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NBA PM: Livingston Mourns Legendary Coach

Shaun Livingston’s former high school lost a legend back in October, and he talks about what that loss means to him… Ty Lawson doesn’t think Brian Shaw is the problem in Denver…

Joel Brigham



Livingston Mourns Loss of Legendary Coach

Back in October, former Peoria Manual High School head coach Wayne McClain passed away at the age of 60. He was, without question, one of the greatest coaches in Illinois high school history and meant a whole lot to Peoria basketball players, including Golden State Warriors guard Shaun Livingston.

“It really hit us in our hearts as a community in the Central Illinois area,” Livingston said. “His legacy and everything he meant to the game, to the high school game and just basketball in general… He was the godfather of Peoria basketball.”

For those outside of Peoria basketball, that might not sound like much until one considers just how successful the Peoria Manual program was under McClain. After serving as an assistant coach for 18 years there, McClain took over as head coach in 1994 immediately following a state championship that would ultimately prove to be the first of four consecutive AA Illinois State titles. In other words, McClain’s first three years as a head coach resulted in hardware for the school he represented. The rest of his head coaching career there was defined by that early success.

Livingston didn’t play for Manual until 2003, the year following McClain’s move to Champaign, where he became an assistant coach at the University of Illinois, but McClain still spent time around the team and everybody who played with Livingston in 2003 and 2004—both championship seasons—all understood and appreciated the man’s legacy.

“He’s from those parts so everyone already knows him as far as being from the area. They can relate to him because they know that he knows what he’s talking about because he is well connected among those parts,” Livingston said.

“Another factor was just the respect he commanded. There was a lot lacking in the respect department during our youth so because he was able to command that respect and just communicate and get across his message, that became the key to earning our respect.”

As many high school coaches have learned in their times working with kids from rough areas, earning that respect can be challenging, but that wasn’t the case with Coach McClain.

“He did it with his consistency, his discipline and the way he just connected with his players and how he just demanded everything from him,” Livingston said. “He was like a father to all the kids that he coached growing up in those rough communities and rough parts of the city. He got them all to buy in and he really let their talent shine because we had a lot of talent, but just like everywhere kids get into trouble and fell out and didn’t make it. He was able to connect the bridge.”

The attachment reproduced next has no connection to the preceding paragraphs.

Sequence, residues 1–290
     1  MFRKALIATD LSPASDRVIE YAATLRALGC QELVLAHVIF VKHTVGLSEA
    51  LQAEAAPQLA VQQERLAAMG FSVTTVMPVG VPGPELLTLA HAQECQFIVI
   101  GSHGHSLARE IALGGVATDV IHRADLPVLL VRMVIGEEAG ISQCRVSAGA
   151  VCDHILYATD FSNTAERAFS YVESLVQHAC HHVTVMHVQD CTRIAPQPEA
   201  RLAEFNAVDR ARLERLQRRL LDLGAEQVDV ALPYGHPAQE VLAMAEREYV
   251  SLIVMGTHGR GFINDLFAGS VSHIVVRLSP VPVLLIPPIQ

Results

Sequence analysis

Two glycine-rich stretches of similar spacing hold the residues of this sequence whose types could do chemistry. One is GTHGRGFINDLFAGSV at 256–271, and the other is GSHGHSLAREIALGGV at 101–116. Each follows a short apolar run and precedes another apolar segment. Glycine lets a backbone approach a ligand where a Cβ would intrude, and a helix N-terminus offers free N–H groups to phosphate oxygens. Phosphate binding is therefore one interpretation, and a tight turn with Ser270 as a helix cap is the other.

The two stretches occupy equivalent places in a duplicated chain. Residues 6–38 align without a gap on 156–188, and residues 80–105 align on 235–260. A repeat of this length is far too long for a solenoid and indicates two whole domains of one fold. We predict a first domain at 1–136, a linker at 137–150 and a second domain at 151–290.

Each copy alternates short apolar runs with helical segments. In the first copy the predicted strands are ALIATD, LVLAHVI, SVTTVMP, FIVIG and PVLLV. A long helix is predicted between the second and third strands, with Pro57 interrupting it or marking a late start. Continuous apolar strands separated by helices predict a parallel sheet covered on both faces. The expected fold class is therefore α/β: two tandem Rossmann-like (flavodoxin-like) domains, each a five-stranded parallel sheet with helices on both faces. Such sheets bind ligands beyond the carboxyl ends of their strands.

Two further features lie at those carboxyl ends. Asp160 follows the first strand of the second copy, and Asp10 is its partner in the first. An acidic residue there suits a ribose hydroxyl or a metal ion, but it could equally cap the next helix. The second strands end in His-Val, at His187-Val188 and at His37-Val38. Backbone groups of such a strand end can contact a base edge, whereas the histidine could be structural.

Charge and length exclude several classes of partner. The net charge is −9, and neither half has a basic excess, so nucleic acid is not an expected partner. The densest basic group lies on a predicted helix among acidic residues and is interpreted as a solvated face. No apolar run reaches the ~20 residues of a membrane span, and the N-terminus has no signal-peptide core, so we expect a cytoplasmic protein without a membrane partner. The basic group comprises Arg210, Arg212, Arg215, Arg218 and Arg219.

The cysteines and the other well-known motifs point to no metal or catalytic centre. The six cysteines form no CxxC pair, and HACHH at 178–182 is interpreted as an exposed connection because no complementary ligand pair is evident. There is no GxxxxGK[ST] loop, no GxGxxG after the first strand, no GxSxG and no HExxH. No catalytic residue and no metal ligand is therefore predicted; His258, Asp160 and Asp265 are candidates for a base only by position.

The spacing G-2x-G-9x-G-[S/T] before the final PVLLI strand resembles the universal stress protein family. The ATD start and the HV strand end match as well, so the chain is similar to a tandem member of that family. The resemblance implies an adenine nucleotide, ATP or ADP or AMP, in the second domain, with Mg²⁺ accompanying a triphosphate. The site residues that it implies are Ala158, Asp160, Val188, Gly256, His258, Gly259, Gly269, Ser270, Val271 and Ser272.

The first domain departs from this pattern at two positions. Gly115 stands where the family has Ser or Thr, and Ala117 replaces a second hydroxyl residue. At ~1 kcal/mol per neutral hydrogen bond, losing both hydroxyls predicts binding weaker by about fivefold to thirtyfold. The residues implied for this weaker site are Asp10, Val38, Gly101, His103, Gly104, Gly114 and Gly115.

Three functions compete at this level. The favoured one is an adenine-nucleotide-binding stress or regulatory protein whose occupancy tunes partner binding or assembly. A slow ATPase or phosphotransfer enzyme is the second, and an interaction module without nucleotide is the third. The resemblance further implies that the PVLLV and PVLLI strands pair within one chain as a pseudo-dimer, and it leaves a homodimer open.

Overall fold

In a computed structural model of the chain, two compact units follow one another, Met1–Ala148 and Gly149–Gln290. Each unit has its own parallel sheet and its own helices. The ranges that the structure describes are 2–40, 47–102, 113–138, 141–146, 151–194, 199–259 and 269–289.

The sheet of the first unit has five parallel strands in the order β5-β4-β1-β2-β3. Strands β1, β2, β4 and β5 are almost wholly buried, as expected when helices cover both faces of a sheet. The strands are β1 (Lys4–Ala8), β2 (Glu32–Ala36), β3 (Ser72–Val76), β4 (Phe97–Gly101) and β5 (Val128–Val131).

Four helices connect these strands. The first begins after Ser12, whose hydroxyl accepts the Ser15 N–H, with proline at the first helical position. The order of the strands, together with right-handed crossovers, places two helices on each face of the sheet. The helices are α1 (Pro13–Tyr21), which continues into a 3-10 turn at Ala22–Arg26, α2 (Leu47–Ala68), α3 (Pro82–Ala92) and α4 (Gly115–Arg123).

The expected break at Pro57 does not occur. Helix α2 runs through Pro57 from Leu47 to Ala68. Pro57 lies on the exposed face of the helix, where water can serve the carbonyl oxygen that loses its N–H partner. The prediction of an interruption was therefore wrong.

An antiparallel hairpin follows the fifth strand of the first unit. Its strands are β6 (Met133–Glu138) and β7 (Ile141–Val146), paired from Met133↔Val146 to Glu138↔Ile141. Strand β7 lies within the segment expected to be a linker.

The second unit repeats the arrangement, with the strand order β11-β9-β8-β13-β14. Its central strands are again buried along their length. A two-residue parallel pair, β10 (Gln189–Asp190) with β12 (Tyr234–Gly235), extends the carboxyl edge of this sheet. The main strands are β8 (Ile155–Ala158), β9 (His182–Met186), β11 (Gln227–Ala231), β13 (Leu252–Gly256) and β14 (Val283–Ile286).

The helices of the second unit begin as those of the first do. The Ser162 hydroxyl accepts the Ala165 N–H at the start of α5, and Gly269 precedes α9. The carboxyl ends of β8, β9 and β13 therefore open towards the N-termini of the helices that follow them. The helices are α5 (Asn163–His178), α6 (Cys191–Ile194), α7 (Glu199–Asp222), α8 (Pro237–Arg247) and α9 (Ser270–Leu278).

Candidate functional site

And even though Livingston never got to play under McClain officially, Livingston always hoped he’d end up at Peoria Manual to share in the winning tradition the legendary head coach established.

“It was my dream,” Livingston said. “He had already left by the time I got into high school, but growing up watching those teams win state? That was what I always wanted to do. They inspired me and they were my role models. They really inspired me to be great and gave us the confidence coming from a small town to really compete on a national stage because they were able to set the table.”

And Livingston did, of course, represent his city quite well by proving talented enough to forgo college and go directly to the NBA. He was the fourth pick of the 2004 Draft, and while injuries certainly derailed him from a future as a superstar, there’s no question that he’s the best player to ever come out of Peoria Manual.

McClain was arguably the best coach Peoria Manual ever had, and Livingston and the rest of the Peoria community will need a long time to completely get over the loss of their legend.

Ty Lawson Says Team Still With Coach Brian Shaw

It hasn’t been an easy year for the Denver Nuggets, who are two games under .500 and currently dealing with one of the nastiest cases of inconsistency in the NBA. Some nights they look pretty good, other nights they’re a train wreck.

Point guard Ty Lawson, like everybody else, is exhausted by the up-and-down.

“It’s been an emotional roller coaster,” Lawson told Sports Illustrated. “We started out losing six of the first seven, and we’re thinking we might be in the lottery, then we win seven of eight. We were playing well, and then we have a four-game skid.”

The only way to fix it, he says, is to be consistent on the end of the court that lends itself more to consistency.

“It’s about defense. When we lock in on D, it all flows over,” Lawson said. “When we force jump shots, we are a totally different team. I put it on me to come out with energy. We can’t allow too many points in the paint or threes, and we have to keep teams off the free throw line.”